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The other night I was sitting around with some friends discussing the sort of thing college students discuss at three in the morning while avoiding chemistry homework--namely, strange mutilations of the human body. Someone told a story that sounds like an urban legend to me, but he was so sure it was true. The story goes that an obese woman felt the call of nature while on an airplane. After relieving herself in the designated cubicle, she committed the unfortunate error of flushing while still on the commode. Since airplane toilets work by suction, and since her large girth covered the entire seat opening, creating a seal, a vacuum was formed beneath her behind. The resulting pressure differential proceeded to . . . partially suck out her intestines! Yet through the timely intervention of an on-board physician, her life was spared (though she is no doubt doomed to eat lots of food rich in fiber for the rest of her life).

Now come on! Besides the fact that all toilets I've seen have little cushioning doohickeys between the seat and the bowl, thus creating an air space, this story just seems a little farfetched. Can you help us get to the bottom of this? Is there yet another reason why Mom was right in telling us never to sit on public toilet seats? --Bethany G., Ann Arbor, Michigan

No doubt many feel this is something they could stand not to know. However, I feel an informed public is the cornerstone of a democratic society. Having failed to renew my subscription to Weekly World News, I wasn't current on this topic and, like you, thought the whole thing was an urban legend. In the interest of thoroughness, though, I dropped a line to folklore guru Jan Brunvand. To my surprise, he referred me to a letter by Philadelphia osteopath J. Brendan Wynne in the Journal of the American Medical Association (March 6, 1987, page 1177). Not trusting myself to paraphrase this extraordinary communication, I quote at length:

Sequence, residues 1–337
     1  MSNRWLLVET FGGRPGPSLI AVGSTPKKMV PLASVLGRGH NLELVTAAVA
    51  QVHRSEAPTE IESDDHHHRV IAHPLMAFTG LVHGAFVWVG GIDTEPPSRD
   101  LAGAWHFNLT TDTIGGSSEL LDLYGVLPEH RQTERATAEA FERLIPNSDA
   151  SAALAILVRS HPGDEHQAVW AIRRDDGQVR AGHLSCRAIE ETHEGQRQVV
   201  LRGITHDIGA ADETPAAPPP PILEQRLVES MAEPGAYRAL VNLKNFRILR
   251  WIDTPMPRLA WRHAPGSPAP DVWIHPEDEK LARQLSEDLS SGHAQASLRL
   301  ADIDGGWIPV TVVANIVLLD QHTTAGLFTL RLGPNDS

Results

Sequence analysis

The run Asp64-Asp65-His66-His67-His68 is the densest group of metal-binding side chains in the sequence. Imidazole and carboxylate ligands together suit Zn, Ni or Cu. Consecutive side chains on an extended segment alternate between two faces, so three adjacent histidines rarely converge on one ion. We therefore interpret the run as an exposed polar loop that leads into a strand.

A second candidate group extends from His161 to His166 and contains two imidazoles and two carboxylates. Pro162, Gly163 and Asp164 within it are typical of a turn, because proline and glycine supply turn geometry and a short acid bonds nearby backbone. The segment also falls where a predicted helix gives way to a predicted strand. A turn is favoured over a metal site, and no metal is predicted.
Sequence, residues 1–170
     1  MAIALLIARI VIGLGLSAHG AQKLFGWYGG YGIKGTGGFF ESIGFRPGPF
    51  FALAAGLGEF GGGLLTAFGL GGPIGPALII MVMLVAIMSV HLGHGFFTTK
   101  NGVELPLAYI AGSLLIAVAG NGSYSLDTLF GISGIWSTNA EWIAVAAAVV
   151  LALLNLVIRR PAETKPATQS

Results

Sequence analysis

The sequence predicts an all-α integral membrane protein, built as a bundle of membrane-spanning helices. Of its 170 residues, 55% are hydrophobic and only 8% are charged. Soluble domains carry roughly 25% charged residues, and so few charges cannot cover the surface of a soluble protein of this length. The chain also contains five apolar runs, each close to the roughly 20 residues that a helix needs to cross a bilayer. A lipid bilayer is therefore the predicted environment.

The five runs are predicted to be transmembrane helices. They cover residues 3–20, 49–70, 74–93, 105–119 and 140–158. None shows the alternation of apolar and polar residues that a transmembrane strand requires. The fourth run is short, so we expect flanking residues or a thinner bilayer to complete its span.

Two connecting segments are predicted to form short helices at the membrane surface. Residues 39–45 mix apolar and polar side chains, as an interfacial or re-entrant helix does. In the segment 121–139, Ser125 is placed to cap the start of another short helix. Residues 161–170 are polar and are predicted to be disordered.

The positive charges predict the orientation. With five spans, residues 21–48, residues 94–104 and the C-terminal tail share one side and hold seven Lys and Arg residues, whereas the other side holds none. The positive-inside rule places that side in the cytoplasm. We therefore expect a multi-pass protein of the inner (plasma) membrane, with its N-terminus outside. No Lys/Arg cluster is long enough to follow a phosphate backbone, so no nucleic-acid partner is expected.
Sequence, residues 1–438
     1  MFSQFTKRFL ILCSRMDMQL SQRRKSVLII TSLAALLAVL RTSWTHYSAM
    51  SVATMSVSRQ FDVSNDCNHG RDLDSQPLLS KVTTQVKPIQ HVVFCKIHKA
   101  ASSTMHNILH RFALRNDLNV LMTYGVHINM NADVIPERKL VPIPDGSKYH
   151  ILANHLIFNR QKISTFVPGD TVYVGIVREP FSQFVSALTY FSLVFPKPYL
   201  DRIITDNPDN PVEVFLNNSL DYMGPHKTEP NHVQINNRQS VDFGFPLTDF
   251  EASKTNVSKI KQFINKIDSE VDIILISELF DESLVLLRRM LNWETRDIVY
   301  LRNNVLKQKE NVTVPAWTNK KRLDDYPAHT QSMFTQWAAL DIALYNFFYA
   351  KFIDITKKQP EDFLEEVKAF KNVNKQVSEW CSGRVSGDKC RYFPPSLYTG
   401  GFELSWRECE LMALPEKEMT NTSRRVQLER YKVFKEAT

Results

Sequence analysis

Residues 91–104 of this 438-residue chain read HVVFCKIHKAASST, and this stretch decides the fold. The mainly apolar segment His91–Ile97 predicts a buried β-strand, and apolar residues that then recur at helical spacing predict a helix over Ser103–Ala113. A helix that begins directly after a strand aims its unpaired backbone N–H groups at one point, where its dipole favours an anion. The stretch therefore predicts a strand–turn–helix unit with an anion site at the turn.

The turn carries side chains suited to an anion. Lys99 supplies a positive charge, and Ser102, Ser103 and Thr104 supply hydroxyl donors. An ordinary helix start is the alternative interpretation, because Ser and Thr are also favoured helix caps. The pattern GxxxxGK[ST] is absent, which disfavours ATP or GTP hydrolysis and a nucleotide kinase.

"Recently, while on a Greek-registered cruise ship moored near Vancouver, British Columbia, to accommodate the hotel overflow from Expo 86, I responded to an emergency call over the ship's loudspeaker and was asked to administer first aid to a woman who had sustained a serious pelvic injury.

"A 70-year-old, slightly obese woman was in her cabin lying on the bunk in the right lateral recumbent position. She was alert and responding verbally but in obvious distress, moaning in pain, [sweating], and apprehensive. Protruding behind her on the bed were several feet of small intestine with [connective tissue] attached.

"The woman stated she had flushed the toilet while still seated and the suction had 'pulled everything out.' Apparently, her buttocks and thighs completely occluded the opening of the toilet seat, causing the full force of the vacuum to be applied to the perineal area. She kept repeating, 'Why didn't they warn me?'"

(The only warning was a sign near the toilet saying, "This toilet operates on vacuum system. Please do not throw any object except toilet paper.")

"An ambulance crew responded within a few moments and transported the woman to a local hospital. I left Canada within the hour and am unaware of the final outcome of the incident.

"Whether this occurrence represents a malfunction of this particular vacuum system, or if this could occur with any vacuum type of toilet, I do not know, but it certainly bears further investigation."

I'll say. However, judging from the medical journals, nothing has been done about this looming menace in the nearly five years since the original report appeared. No doubt researchers fear public ridicule, not to mention flak from the vacuum-toilet interests. Well, too bad. It is time for somebody to, pardon the expression, show some guts. Meanwhile, I advise readers planning cruise vacations to look the booking agent in the eye and say, "Do you promise by the living God that made you that your toilets won't suck out my internal organs?" If the little weasel hesitates, take your business elsewhere. It is only through eternal vigilance that we can keep these people honest.

Art accompanying story in printed newspaper (not available in this archive): illustration/Slug Signorino.

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